People living in the interior Western United States have a skewed sense of humid air. This was made clear to me early this week when I came across a graphic from a meteorologist in Idaho describing different humidity levels.

At first, I thought maybe the graphic was a joke or perhaps mislabeled. Humidity levels that Washingtonians would consider dry and refreshing were described as “yucky” and “sticky.”

The graphic, developed by chief meteorologist Brian Neudorff from affiliate KMVT in Twin Falls, displays ranges for a measure of humidity known as dew point and then describes how they feel.

The higher the dew point, the more humid it is.

Dew points above 61 degrees are called “miserable.” Consider then that a “miserable” day in Twin Falls would be less humid than a normal day in D.C. at this time of year. (The average dew point in D.C. on June 29 is 63 degrees compared with around 50 in Twin Falls. On Wednesday, the dew point hit 75 degrees in D.C. whereas it was 40 in Twin Falls.)

Even dew points ranging from 41 to 45 degrees are labeled “noticeably humid” for Idahoans. Dew points at such levels in D.C. during summer would be considered exceptionally dry, and half the city would be taking a mental-health day.

To get a sense for the stark differences in perceptions of humidity between Idaho and D.C., look at the corresponding dew-point graphic we developed for our region:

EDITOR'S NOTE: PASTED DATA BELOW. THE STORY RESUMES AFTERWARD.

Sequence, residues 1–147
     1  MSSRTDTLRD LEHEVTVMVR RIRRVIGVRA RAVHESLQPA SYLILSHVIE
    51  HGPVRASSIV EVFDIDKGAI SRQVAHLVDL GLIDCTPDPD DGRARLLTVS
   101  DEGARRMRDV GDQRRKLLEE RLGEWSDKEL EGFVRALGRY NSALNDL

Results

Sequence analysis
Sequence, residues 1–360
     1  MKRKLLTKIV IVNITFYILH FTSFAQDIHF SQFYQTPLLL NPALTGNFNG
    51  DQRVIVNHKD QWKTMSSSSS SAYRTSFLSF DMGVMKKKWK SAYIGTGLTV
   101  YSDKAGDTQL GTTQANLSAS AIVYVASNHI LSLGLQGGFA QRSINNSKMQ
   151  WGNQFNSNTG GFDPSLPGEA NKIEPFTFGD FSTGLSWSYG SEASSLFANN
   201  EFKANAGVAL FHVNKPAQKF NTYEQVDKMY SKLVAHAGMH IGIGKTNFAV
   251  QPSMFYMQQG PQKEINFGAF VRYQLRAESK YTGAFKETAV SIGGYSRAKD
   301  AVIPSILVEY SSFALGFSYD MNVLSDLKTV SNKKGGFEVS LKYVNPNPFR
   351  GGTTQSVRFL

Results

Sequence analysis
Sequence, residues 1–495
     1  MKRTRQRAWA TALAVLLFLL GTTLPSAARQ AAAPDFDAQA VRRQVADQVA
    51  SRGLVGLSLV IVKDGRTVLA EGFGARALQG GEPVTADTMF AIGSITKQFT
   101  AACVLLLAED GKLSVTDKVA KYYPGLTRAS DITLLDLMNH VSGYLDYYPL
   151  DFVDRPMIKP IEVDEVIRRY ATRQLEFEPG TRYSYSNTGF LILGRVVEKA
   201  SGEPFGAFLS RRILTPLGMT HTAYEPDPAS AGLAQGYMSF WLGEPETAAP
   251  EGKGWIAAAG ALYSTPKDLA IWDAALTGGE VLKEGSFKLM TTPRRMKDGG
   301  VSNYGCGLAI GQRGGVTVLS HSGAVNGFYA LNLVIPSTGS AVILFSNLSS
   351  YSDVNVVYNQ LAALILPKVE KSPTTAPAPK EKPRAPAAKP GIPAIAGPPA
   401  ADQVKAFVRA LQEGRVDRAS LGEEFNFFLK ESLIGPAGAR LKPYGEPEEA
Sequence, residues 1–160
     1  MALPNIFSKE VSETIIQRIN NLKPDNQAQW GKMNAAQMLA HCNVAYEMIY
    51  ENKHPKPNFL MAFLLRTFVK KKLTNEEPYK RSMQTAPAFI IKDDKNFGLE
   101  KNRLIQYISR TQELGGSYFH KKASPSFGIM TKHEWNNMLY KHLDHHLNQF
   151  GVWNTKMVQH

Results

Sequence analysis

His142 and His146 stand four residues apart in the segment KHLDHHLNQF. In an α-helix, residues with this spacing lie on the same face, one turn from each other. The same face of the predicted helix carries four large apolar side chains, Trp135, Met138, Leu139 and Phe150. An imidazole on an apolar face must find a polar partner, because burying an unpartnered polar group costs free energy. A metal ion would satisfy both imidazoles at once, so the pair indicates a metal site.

D.C.’s “pleasant” and “still comfortable” humidity levels are Idaho’s “sticky” and “muggy.”

Of course, residents of South Florida would probably say Washingtonians also have a warped sense of humidity.

Brian McNoldy, Capital Weather Gang’s tropical weather expert who resides in Miami, notes its average dew point on June 29 is 73 degrees — 10 degrees higher than D.C.’s. Dew points in the 60s in summer in Miami are rare and more characteristic of winter months.

Miami’s average dew point is 70 degrees or higher on 144 days of the year, from May 25 to Oct. 16. D.C.’s average dew point never gets that high (although we certainly have days in which the dew point hits or exceeds 70).

It’s interesting to note, however, that D.C.’s most humid days — when dew points hit the upper 70s — are comparable with Miami’s. In other words, Miami has much higher average humidity, but our maximum extremes are similar.

“I think the comfort scale in D.C. applies here [in Miami] as well, it’s just that we spend WAY more time in the ‘sultry’ category,” McNoldy said.

He said he would tweak D.C.’s dew-point scale for Miami, accordingly:

Under 60°: Pleasant (mid-winter happiness)
60-65°: Acceptable (still wintry)
66-71°: Moist (“snowbirds” leave)
72-77°: Sticky (instant sweat)
78°+: Oppressive (steam sauna)

Ultimately, how humid it feels is subjective and dependent on the climate you’re accustomed to. Land-locked Idaho with its prevailing continental winds just doesn’t experience moisture levels common in D.C.

South Florida, which is surrounded by water, has the highest average humidity in the Lower 48.

Still, it is very interesting to see how humidity is communicated and perceived in these locations and the remarkable differences place to place.

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